World Hepatitis Day - July 28th 2023
World Hepatitis Day takes places every year on the 28th July with the aim of bringing the world together under a single theme to raise awareness of the global burden of viral hepatitis and to influence real change. The theme of World Hepatitis Day 2023 is “We’re not waiting” https://www.worldhepatitisday.org/.
Ireland has committed to the WHO target of eliminating viral hepatitis as a major public health concern by 2030.
Hepatitis B and C
Chronic hepatitis B and C are life-threatening infectious diseases that can cause serious liver damage, liver cancer, and premature death. It is estimated that more than 350 million people are infected with the hepatitis B or the hepatitis C virus worldwide. In Ireland, cumulatively to the end of 2022, almost 17,000 cases of hepatitis C and over 13,000 cases of hepatitis B had been notified to the HSE Health Protection Surveillance Centre (HPSC). Hepatitis B and C notifications declined during the COVID-19 pandemic, but returned to pre-pandemic levels in 2022. During the year 2022, 480 cases of hepatitis C and 515 cases of hepatitis B were reported.
In developed countries, like Ireland, hepatitis C is most commonly transmitted through sharing contaminated equipment when injecting drugs or through receipt of unscreened blood or blood products in the past. Sexual, occupational and mother to baby transmission can also occur but are less common. Two thirds of cases notified in Ireland between 2007 and 2022 were people who inject drugs, 11% of cases were born in an endemic country (risk factor not reported), 6% were sexually acquired and 3% had received blood or blood products in the past.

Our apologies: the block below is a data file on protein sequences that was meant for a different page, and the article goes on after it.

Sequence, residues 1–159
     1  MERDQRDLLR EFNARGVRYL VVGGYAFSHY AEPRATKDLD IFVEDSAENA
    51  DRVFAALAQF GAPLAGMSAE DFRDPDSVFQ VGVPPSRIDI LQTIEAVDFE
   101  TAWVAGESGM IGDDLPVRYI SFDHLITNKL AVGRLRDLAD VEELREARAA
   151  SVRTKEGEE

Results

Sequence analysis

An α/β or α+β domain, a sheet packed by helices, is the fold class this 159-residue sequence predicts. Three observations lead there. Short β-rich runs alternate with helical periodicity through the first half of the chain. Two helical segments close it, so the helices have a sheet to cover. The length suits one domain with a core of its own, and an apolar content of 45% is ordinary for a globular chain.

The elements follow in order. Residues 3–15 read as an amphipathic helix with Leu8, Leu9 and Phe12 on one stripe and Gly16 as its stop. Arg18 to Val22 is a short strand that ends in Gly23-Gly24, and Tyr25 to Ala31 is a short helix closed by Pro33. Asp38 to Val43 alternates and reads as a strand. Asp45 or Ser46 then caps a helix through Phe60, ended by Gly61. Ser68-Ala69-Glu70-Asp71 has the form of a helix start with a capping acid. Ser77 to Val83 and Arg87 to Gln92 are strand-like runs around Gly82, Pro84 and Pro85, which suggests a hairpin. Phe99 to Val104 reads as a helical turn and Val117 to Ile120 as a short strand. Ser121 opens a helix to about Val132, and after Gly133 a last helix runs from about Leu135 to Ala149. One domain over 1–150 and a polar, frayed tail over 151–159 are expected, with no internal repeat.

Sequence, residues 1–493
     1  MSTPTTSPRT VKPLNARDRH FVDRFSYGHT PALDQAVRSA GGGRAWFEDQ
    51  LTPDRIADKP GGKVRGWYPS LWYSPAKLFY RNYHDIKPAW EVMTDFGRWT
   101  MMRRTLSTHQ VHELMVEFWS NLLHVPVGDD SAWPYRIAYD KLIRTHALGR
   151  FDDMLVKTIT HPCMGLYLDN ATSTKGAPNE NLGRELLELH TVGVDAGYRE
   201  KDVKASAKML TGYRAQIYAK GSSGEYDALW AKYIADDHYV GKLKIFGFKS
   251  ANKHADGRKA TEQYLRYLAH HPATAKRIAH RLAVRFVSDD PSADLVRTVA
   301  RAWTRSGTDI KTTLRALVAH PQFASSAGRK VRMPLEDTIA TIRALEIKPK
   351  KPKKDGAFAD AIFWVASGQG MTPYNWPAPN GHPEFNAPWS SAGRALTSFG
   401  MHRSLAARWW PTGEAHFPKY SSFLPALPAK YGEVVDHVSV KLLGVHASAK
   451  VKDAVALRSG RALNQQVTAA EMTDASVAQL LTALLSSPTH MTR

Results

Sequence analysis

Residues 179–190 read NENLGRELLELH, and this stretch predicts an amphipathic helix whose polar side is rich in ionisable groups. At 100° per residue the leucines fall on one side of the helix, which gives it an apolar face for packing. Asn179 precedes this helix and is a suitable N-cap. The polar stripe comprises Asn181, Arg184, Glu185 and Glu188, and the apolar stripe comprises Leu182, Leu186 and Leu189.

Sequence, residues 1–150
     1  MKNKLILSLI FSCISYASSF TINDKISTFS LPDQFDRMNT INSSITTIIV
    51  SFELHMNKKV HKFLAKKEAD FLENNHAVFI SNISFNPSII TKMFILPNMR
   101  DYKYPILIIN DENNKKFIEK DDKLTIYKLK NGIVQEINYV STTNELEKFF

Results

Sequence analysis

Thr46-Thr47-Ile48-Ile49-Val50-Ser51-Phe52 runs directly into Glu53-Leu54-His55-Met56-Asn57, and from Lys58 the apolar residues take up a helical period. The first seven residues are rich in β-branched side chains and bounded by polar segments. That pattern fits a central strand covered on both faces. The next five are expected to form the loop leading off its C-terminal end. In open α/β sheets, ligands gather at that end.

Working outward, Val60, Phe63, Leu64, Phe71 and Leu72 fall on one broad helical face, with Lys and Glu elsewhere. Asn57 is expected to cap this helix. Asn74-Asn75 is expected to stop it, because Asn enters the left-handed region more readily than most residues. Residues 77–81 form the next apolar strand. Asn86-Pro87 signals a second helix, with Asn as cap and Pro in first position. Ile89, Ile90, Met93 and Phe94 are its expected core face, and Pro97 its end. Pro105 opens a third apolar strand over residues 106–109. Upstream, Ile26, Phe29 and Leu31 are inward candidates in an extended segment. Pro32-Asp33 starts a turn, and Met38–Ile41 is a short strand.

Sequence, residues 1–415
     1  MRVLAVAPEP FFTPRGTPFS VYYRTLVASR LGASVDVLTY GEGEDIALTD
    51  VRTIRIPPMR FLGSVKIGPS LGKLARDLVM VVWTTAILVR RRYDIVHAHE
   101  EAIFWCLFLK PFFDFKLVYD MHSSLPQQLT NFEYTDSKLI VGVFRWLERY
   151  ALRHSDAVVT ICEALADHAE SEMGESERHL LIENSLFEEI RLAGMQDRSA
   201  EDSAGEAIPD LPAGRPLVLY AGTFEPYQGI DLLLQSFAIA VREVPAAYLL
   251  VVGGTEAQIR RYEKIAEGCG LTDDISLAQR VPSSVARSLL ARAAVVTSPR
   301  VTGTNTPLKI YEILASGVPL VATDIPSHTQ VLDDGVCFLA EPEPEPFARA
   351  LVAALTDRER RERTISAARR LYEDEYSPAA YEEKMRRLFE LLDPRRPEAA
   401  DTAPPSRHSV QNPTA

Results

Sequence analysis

The most common modes of transmission for hepatitis B are mother to baby transmission at birth, unprotected sex and sharing needles when injecting drugs. In recent years, over 95% of people notified with hepatitis B in Ireland were chronically infected cases, most of whom were born in countries with a higher hepatitis B prevalence and were likely to have been infected at birth or in early childhood. The number of acute cases of hepatitis B (new infections) notified each year in Ireland is low; on average 16 cases were reported annually over the past five years. Most are sexually acquired.
National hepatitis C treatment programme
A national hepatitis C treatment programme (NHCTP) was established by the HSE in 2015 with the aim of providing treatment to all people living with hepatitis C in Ireland (https://www.hse.ie/eng/national-hepatitis-c-treatment-programme/). Over 7,000 patients have been successfully treated since 2015.
Hepatitis B vaccination
There is a safe and effective vaccine for hepatitis B. This was added to the primary childhood immunisation schedule in Ireland in October 2008 for children born from July 1st 2008. Hepatitis B immunisation is also recommended for risk groups, babies born to hepatitis B positive mothers and household and sexual contacts of cases.
Elimination of viral hepatitis is achievable
With the availability of effective vaccines and treatments for long-term suppression of hepatitis B, and highly effective curative treatments for hepatitis C, elimination of viral hepatitis is now achievable. However, chronic hepatitis B and C infections can be asymptomatic or mildly symptomatic for years, or even decades, after infection. This means that without screening, some people may not be diagnosed until they have already developed considerable liver damage and may also have unintentionally infected others.
Over 220,000 hepatitis B and over 200,000 hepatitis C tests were carried out in Ireland in 2022. In spite of extensive testing there are likely to be some undiagnosed cases. With continued efforts in screening and retention in care, it remains possible that hepatitis B and C will no longer be a major public health concern in Ireland by 2030.
Further information on hepatitis C:
Further information on hepatitis B: